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Two of James Parkin's books, 'A Child Like You' and 'Adventures in Potty Training' are based on his experiences of constipation and soiling as a child. In this blog post, James explains how he hopes his work can support and inspire children who suffer with pooing problems.

The seeds of my book were sown nearly 40 years ago when, as a three-year old, I found out that I could make the feeling that I needed to poo go away by breathing inward and clenching my bottom. I took advantage of this discovery many times when I did not want to stop what I was doing to go to the toilet. It was a handy trick, but I would never have done it if I’d known what the consequences would be: years of soiling, constipation and stomach aches, along with frequent reprimands for messing my pants and feelings of embarrassment and shame. I’d wrongly thought I could get away with not pooing and I paid the price for my mistake.

It was a long time before I made the link between avoiding the toilet and the dirty pants which came later, and many years before I was able to completely break my ingrained habit of withholding, especially when away from home.

At the age of seven I started to make more effort to use the toilet every time I needed it, and the soiling became far less frequent, but I still had occasional accidents up to the age of 11.

What I particularly recall from those days is the feeling of isolation caused by believing that I was the only school child in the world who still pooed his pants. It was a belief that I retained long after I stopped soiling.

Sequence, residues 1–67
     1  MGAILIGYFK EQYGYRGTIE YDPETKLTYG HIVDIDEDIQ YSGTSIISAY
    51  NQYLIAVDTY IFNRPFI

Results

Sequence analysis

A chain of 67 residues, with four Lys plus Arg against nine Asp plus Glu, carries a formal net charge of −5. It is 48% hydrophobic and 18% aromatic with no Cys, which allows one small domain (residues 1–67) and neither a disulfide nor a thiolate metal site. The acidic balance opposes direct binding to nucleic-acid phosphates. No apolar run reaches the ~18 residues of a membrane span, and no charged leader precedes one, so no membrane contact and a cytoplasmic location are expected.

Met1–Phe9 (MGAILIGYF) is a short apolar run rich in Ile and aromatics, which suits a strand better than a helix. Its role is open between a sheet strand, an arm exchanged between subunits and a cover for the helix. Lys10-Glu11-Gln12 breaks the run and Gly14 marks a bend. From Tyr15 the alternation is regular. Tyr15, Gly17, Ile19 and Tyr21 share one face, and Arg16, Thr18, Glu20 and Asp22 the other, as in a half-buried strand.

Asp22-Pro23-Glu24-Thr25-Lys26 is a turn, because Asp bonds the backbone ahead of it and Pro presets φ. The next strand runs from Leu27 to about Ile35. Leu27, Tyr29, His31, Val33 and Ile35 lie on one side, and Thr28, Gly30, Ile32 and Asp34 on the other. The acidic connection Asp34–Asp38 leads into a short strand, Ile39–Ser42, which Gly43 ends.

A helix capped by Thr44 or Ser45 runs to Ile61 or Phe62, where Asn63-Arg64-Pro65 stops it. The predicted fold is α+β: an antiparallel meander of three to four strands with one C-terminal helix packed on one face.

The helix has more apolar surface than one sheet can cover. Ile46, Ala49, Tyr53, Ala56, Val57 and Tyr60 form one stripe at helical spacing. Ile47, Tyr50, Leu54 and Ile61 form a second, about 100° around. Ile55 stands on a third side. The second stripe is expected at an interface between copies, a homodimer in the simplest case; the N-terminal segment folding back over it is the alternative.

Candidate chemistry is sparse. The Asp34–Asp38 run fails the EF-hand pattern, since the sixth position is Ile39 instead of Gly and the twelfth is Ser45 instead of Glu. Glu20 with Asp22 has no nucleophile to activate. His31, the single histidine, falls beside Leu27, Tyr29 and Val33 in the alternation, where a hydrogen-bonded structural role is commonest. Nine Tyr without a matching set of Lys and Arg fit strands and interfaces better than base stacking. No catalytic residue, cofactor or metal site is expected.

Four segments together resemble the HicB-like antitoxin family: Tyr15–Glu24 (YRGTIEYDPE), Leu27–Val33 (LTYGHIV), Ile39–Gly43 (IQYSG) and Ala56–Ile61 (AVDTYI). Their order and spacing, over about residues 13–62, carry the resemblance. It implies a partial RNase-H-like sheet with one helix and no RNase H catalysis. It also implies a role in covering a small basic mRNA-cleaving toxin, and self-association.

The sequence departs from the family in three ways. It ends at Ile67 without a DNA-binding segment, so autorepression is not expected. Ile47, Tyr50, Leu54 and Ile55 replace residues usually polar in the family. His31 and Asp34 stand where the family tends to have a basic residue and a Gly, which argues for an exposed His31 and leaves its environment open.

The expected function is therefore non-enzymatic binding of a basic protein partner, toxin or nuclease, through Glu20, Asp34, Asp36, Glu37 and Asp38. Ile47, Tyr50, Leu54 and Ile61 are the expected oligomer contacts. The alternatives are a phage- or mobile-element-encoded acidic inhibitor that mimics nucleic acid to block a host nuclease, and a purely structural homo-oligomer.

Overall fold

Discovering I wasn't alone

Years later I discovered that other boys and girls had this problem and that it had a name - ‘encopresis’ (this term tends to be used in America rather than the UK). With the arrival of the internet I discovered just how common it was and how it affected thousands of children and teenagers. But it remained a topic that nobody wanted to talk about outside of cyberspace, and it never seemed to be discussed on television.

How many other children also believed that they were the only one who had soiling problems and were miserable as a result? I suspected that the answer was a lot.

No help for older children

I found that there were picture books available for young children who soiled, but nothing for the many older children with the same condition. Also, while children’s writers such as Jacqueline Wilson had showed that a bedwetter, like Tracy Beaker, could be a heroine, there seemed to be no mainstream books in which the lead character was a child who pooed herself.

It looked like there was no-one for the older child who had encopresis to identify with, no-one who shared their problem and could act as a role model. I decided that it was time to turn my own experiences into something that could help the children of today. It was time for a child who soiled to become a hero!

A Child Like You

A Child Like You, my story for older children who soil, is the result. I've tried to make it realistic, but positive. Beth, the lead character, has painful memories from when she first began soiling, but she is now able to manage her condition and is well on the way to becoming completely clean. Her thoughts and feelings largely mirror my own, although her experiences are also based on those of other children with encopresis, such as taking off her soiled pants and hiding them, which I never did. Drama is provided when another girl smells that Beth has messed herself in assembly and she fears that the whole class will soon know her embarrassing secret.

It would be nice if children who don’t have toilet problems read the book to get an idea of what it is like to live with encopresis. But my main objective is to show older children who soil that, with help, they can manage and overcome their condition, and, most of all, that they are not alone.

I have recently published 'A Boy Like You' and 'A Girl Like You', which can be bought in ERIC's shop.